Monday, November 25, 2019
3:50 a.m. Friends? What next?
You might mention that your friend Richard Werling is practicing ILC and experiencing contact with past historical personages.
Your subtext being, I imagine, that others may do it as well.
And that everyone’s experience of it will be different, as everyone’s experience of 3D life is different.
And of course that our doubt creates limitations and our belief – even if it is only a provisional or tentative belief – expands our possibilities.
And – though referring to you rather than to Richard or others – that such practice does not amount to insurance against depression or angst or any of life’s mental or physical hazards.
I think we know that.
Knowing it and experiencing it are not entirely the same thing.
A lecture coming, I guess.
Encouragement, rather. “This too shall pass” is a good reminder. It extends from the slightest of events to life itself. There is nothing to be borne that cannot be borne.
Duly noted People are living that all over the world, all the time.
So they are, and they are part of you, and you interpenetrate. “All is one” is not a bit of abstract wisdom to be put on a shelf and admired. It is an experience of one aspect of the 3D world – and beyond.
If that is all, we are going to have a short session today.
It is as important to remind people that life’s ups and downs do not invalidate what we are reminding them of as it is to remind them that they are more than they commonly realize.
Perhaps I am merely tired. I can feel my mood being a drag on this process.
And where does such a mood come from? We don’t mean “in the case of this (or any) specific individual,” but in general, in 3D life? How and why are your lives subject to moods?
I don’t know. I would imagine we can wander into them, as we wander into ideas sometimes.
Ah, so something “external” causes them, when we have been saying that there is no “external” in the sense of something unconnected?
I don’t know.
And, we hear, “I don’t feel like playing.” Yet nothing stops you from laying down the pen and trying for more sleep.
I am willing to receive, but I don’t have much to offer at the moment.
Which serves as well to illustrate the question, for feeling empty is a mood like any other.
Is it? It feels to me like the equivalent of feeling exhausted physically, or spent mentally.
Say it is. What do they have in common?
Out of gas.
Certainly. But what does that mean?
Perhaps I don’t understand the question.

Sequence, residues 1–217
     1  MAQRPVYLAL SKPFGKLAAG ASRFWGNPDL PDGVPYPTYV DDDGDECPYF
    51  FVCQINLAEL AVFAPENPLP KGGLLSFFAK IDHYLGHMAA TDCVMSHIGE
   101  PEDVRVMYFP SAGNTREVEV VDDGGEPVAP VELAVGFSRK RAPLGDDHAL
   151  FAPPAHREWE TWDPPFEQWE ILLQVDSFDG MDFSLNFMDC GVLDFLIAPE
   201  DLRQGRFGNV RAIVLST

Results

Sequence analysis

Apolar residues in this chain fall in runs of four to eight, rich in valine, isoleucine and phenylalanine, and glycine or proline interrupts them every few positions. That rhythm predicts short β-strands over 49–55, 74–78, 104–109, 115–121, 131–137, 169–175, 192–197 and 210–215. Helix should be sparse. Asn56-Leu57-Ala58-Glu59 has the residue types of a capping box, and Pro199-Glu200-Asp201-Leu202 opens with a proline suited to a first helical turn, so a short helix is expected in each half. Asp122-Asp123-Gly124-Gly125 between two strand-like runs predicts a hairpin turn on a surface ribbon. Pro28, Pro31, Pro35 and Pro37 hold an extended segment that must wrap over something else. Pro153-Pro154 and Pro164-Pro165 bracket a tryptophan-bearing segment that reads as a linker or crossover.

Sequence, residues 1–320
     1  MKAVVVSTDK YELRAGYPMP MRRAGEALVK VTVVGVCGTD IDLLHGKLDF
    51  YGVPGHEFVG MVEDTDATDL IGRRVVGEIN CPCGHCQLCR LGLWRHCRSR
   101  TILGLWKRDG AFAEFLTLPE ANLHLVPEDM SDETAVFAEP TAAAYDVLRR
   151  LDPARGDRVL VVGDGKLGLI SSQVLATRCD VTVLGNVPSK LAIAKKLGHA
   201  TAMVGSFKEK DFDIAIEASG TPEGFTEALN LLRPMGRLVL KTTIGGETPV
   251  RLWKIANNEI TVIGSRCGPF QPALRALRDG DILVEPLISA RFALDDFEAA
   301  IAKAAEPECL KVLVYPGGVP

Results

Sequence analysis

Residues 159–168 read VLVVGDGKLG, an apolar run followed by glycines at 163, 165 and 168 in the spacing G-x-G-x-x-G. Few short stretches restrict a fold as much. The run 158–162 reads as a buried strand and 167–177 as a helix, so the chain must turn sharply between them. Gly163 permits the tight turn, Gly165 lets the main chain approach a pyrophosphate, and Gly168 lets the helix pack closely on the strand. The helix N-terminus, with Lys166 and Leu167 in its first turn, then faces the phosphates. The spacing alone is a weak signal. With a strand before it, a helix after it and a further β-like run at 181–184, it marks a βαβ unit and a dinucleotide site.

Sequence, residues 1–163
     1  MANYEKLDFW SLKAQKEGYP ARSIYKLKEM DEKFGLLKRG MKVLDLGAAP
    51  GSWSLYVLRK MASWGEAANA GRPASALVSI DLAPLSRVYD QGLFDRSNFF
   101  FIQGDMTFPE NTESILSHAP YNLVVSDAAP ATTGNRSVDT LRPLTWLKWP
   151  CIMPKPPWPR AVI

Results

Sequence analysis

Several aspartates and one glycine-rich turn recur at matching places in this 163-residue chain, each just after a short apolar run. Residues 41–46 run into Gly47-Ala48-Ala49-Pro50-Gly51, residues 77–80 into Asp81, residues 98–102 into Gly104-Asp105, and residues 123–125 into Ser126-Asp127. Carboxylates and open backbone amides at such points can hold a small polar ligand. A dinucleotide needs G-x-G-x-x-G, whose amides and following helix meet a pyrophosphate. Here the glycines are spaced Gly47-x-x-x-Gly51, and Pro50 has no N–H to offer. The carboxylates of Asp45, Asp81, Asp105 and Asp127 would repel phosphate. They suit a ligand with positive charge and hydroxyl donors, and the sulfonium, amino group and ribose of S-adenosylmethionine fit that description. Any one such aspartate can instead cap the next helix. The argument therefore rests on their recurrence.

Is the cause of physical exhaustion or mental spent-ness unknown?
Trying to do too much, I suppose?
Not necessarily. Let’s say, meeting one’s limits. It isn’t necessarily that one’s goals were too lofty or one’s efforts disproportionate to the task, but merely that – for the moment at least – one has come to the end of those resources, and needs a breathing spell.
Nice play on words, considering.
But, think about it. Two hours a day to devote to other things will move them along.
I don’t remember when we began this latest series of conversations, but I guess it has been a while.
[Longer than I had thought. Judging from my computer files, this seems to have extended from August, and followed directly on the examination of the Gospel of Thomas that began in May.]
So pause until the wells fill, and if they never do, you aren’t any worse off for not trying to pump what is not there. if they do refill, but slowly, you have just adjusted your pacing, and nothing lost there either.
Well, come to think of it, I wasn’t expecting this series (whenever it began), so I suppose I shouldn’t be surprised if it paused as suddenly and as out of the blue as it began. Maybe others will add their own conversations to the blog as posts (via my intercession, but that’s easy enough), rather than as comments. And in any case I can continue to re-post older conversations.
In any case, I guess I’ll see you when I see you. In a larger sense than usual, thank you for all that you have poured forth over this long time since 1989.
And as we said many times, our thanks to all who attended. It is rewarding to be heard.
Till next time, then.